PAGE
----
4 Apr 2011 – Colloquium: "An Open Source Set of Libraries to Control a 5-DOF Robotic Arm", Christos Mavrakis, Themistoklis Kyrgos, Savvas A. Chatzichristofis


In this presentation we will introduce a new, open-source, lightweight software library that implements solutions to the Direct and Inverse kinematics problem for a 5-degrees-of-freedom robotic arm in general. In addition, a library for low level communication with the IR25c robotic arm has been developed, that can be used with the previously mentioned library and allows for easy manipulation of the robot. Both libraries are open source software, provided under the GNU General Public License and are designed with modularity in mind, so that they can be used together or separately in large projects.

21 Mar 2011 – Colloquium: "Computational tools for describing and designing complex systems", Assistant Prof. Georgios Syrakoulis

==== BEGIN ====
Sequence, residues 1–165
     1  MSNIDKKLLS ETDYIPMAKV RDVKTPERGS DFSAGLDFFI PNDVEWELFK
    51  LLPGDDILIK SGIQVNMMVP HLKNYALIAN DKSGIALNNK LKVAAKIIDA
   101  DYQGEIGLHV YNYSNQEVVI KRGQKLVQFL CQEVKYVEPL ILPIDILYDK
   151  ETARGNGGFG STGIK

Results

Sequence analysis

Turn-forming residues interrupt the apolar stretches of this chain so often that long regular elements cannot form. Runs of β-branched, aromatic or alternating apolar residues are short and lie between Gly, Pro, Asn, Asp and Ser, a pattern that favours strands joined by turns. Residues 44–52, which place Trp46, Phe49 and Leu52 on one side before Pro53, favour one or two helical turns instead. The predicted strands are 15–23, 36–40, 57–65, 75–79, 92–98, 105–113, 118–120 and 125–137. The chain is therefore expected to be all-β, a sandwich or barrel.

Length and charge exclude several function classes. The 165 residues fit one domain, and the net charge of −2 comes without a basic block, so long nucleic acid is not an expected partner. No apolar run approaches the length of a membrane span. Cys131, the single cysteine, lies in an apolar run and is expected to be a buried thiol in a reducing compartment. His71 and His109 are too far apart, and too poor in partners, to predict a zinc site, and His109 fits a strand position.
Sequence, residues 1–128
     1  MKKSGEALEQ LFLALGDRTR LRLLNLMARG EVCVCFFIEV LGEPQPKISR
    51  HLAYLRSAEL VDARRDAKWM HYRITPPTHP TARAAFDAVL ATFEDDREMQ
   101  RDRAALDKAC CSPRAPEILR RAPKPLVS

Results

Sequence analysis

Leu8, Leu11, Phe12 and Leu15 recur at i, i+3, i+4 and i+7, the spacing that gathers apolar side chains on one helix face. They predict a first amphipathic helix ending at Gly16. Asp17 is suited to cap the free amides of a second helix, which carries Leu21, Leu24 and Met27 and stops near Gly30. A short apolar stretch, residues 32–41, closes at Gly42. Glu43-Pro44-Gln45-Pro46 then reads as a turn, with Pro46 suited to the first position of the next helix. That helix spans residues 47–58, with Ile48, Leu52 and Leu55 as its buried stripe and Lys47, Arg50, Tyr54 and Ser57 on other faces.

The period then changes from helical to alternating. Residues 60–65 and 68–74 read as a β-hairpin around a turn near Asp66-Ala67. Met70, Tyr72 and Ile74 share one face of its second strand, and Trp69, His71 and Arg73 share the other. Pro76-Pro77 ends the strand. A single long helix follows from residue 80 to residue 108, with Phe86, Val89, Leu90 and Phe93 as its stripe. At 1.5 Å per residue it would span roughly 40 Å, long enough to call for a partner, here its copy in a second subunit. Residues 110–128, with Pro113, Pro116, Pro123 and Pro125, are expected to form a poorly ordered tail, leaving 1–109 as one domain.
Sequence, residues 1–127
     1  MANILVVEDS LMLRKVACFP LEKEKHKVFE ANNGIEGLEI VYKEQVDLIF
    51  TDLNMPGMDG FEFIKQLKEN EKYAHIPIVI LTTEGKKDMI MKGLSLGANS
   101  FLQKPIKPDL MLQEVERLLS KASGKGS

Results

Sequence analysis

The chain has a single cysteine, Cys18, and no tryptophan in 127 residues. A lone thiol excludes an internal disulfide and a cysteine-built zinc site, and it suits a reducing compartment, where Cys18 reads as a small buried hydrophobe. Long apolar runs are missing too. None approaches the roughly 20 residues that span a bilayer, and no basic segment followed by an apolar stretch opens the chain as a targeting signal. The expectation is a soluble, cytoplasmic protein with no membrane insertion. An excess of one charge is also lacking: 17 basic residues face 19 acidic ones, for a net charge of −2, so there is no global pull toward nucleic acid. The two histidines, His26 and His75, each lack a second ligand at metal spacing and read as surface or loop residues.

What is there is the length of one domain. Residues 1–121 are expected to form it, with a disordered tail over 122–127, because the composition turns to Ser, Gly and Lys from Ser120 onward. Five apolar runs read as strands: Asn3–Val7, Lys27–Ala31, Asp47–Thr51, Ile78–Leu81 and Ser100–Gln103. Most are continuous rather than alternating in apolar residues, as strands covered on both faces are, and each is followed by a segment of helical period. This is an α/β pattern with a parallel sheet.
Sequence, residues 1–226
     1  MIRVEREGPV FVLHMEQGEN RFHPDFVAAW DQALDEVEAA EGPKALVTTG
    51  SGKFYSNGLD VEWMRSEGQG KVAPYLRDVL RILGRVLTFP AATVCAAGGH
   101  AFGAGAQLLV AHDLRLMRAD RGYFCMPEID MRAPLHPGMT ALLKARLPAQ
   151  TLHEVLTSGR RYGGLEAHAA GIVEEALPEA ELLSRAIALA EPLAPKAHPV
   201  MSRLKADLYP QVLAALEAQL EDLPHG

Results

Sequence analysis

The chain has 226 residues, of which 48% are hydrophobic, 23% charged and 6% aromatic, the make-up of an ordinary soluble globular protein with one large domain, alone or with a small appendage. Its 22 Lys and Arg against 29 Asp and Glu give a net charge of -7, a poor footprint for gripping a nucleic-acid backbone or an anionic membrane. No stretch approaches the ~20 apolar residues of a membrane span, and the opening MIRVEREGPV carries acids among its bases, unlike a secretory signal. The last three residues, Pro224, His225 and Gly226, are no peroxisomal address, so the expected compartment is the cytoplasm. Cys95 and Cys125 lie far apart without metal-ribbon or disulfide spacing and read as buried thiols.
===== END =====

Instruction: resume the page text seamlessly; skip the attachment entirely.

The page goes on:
In this presentation we will present the computational tools used in the Electronics laboratory for describing and designing complex systems. In particular, Cellular Automata (CA) will be presented, which are mathematical models of physical systems where space and time have distinct sjze and local interactions. CA present some interesting characteristics, such as massive parallelis, local interactions, simplified cells and rising computation. For this reason, CA have been used as models of physical systems and processes, as well as electronic systems architectures. During this presentation, we will present CA applications for describing and designing complex systems, starting from the 1980s till today, which have been developed from different research teams of our Department.